Epigenetics: Stress In Relation To Chronic Disease | El Paso Health
How Stress Impacts Phase Angle

The endocrine system is very delicate and precise in the human body. The endocrine system is responsible for helping to control mood, growth, development, metabolism, how our organs work, and reproduction. The critical factor of the endocrine system is regulating how much of each hormone is released. This depends on how much of the hormone is already in the bloodstream and other substances like calcium. 


One of the main hormones the endocrine system is responsible for is cortisol. Cortisol is the primary stress hormone and also increases blood sugars, enhances the brain’s use of glucose, and increases the substances that repair tissue. Additionally, cortisol is the primary hormone in control of our flight-or-fight response. However, the circadian rhythm of cortisol should always be considered. Cortisol is one of the hormones that is released in cardigan rhythm. Cortisol is usually highest first thing in the morning, drops, and will plateau for most of the day until evening time before bed, where it will drop again. Performing lab work to assess cortisol levels is beneficial as cortisol is responsible for many daily functions. Cortisol is produced by the Zona fasciculata of the adrenal cortex and is regulated by several factors. It is influenced by sleep patterns, light/dark exposure, and mealtimes. Cortisol also helps with widespread tissue damage like inflammation, illness, or an infection as well as plays a role in mental and emotional stress. To test our patient’s cortisol levels and patterns, we use a test from DUTCH. This test is called DUTCH Plus, and a sample report is shown below. This test allows us to track a patient’s rhythm for 24 hours as well as other hormones. 



As previously stated, cortisol is the main hormone for controlling stress. While stress is necessary for the human body to function, chronic stress puts your health at risk. The body’s stress response system is normally self-limiting, and once the threat is gone, the stress levels reduce, and the body syncs back into a level of homeostasis. However, when chronic stress is around, cortisol remains on and pumps into the system at a high rate. This long-term activation of stress overexposes the body to cortisol and other stress hormones that lead to problems such as: 

Digestive problems
Heart disease
Sleep problems
Weight gain
Memory and concentration impairment 
Phase Angle

The phase angle is how health care professionals can monitor the integrity of cellular membranes. If the phase angle begins to decline, it has been linked directly to a decline in overall health. Similar to if phase angle increases, overall health is increasing. The integrity of cellular membranes is essential as cell survival depends on solid membranes. When the cellular wall is weak, it can collapse. From here, it is difficult for the body to take up the proper nutrients it needs. Additionally, with a weak cellular membrane, the cell is left with little to no protection from outside invaders. Stress impacts phase angle by causing individuals to gain weight and decreasing overall health.

We monitor a patient’s phase angle with the use of the InBody 770. This advanced machine allows us to not only track the phase angle of our patients but many other areas of their health as well, including but not limited to intracellular and extracellular water.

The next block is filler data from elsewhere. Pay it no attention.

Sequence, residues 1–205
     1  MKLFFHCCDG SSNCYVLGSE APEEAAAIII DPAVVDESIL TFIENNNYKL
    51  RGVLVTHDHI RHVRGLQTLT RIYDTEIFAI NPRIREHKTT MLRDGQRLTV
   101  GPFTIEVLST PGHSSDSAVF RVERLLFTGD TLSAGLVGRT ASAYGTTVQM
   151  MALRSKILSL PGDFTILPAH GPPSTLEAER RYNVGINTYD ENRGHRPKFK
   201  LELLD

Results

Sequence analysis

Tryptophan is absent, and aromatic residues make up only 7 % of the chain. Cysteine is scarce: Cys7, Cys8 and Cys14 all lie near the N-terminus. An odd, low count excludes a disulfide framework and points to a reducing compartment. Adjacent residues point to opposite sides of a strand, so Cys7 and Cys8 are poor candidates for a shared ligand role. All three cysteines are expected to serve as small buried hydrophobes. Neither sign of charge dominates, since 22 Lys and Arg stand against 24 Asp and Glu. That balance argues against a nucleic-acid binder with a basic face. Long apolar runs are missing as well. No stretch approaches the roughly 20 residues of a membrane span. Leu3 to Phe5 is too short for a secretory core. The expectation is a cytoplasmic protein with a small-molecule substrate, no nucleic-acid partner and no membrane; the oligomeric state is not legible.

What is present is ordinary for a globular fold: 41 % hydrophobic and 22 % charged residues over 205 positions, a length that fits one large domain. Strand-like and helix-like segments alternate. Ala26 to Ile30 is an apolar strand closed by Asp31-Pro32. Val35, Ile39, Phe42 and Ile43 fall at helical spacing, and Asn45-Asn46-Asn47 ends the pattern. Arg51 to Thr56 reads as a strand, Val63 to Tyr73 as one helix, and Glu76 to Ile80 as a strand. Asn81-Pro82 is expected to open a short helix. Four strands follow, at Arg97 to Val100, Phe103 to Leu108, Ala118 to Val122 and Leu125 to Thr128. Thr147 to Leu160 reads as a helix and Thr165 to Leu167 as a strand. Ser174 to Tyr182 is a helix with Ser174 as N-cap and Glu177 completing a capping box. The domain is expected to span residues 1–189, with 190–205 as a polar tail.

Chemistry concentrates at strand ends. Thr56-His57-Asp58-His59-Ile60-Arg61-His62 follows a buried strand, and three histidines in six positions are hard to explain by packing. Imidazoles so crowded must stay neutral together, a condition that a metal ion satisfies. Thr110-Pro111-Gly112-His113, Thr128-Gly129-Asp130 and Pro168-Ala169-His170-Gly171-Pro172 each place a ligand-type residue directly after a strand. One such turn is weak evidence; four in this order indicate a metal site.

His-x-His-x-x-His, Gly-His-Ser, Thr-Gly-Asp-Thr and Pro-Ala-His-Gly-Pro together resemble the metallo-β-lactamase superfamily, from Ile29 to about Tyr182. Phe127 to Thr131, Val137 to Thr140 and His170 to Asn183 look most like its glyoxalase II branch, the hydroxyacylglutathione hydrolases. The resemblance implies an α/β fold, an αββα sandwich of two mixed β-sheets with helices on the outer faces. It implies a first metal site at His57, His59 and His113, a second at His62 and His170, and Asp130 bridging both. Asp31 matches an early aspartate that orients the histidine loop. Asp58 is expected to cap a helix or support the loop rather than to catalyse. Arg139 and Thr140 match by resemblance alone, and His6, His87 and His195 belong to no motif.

[embedyt] https://www.youtube.com/watch?v=WwbIsPNUYqs%5B/embedyt%5D



Keller A, Litzelman K, Wisk LE, Maddox T, Cheng ER, Creswell PD, Witt WP. Does the perception that stress affects health matter? The association with health and mortality. Health Psychol. 2012 Sep;31(5):677-84. doi: 10.1037/a0026743. Epub 2011 Dec 26. PMID: 22201278; PMCID: PMC3374921. 

Mayo Clinic Staff. “Stress Management Resources.” Mayo Clinic, Mayo Foundation for Medical Education and Research, 26 Feb. 2021, http://www.mayoclinic.org/healthy-lifestyle/stress-management/resources/hlv-20049495.   

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The information herein is not intended to replace a one-on-one relationship with a qualified health care professional, licensed physician, and is not medical advice. We encourage you to make your own health care decisions based on your research and partnership with a qualified health care professional. Our information scope is limited to chiropractic, musculoskeletal, physical medicines, wellness, sensitive health issues, functional medicine articles, topics, and discussions. We provide and present clinical collaboration with specialists from a wide array of disciplines. Each specialist is governed by their professional scope of practice and their jurisdiction of licensure. We use functional health & wellness protocols to treat and support care for the musculoskeletal system’s injuries or disorders. Our videos, posts, topics, subjects, and insights cover clinical matters, issues, and topics that relate and support, directly or indirectly, our clinical scope of practice.* Our office has made a reasonable attempt to provide supportive citations and has identified the relevant research study or studies supporting our posts. We provide copies of supporting research studies available to regulatory boards and the public upon request. We understand that we cover matters that require an additional explanation of how it may assist in a particular care plan or treatment protocol; therefore, to further discuss the subject matter above, please feel free to ask Dr. Alex Jimenez or contact us at 915-850-0900.  Read More…

Dr. Alex Jimenez DC, MSACP, CCST, IFMCP*, CIFM*, CTG*

email: coach@elpasofunctionalmedicine.com

phone: 915-850-0900

Licensed in Texas & New Mexico

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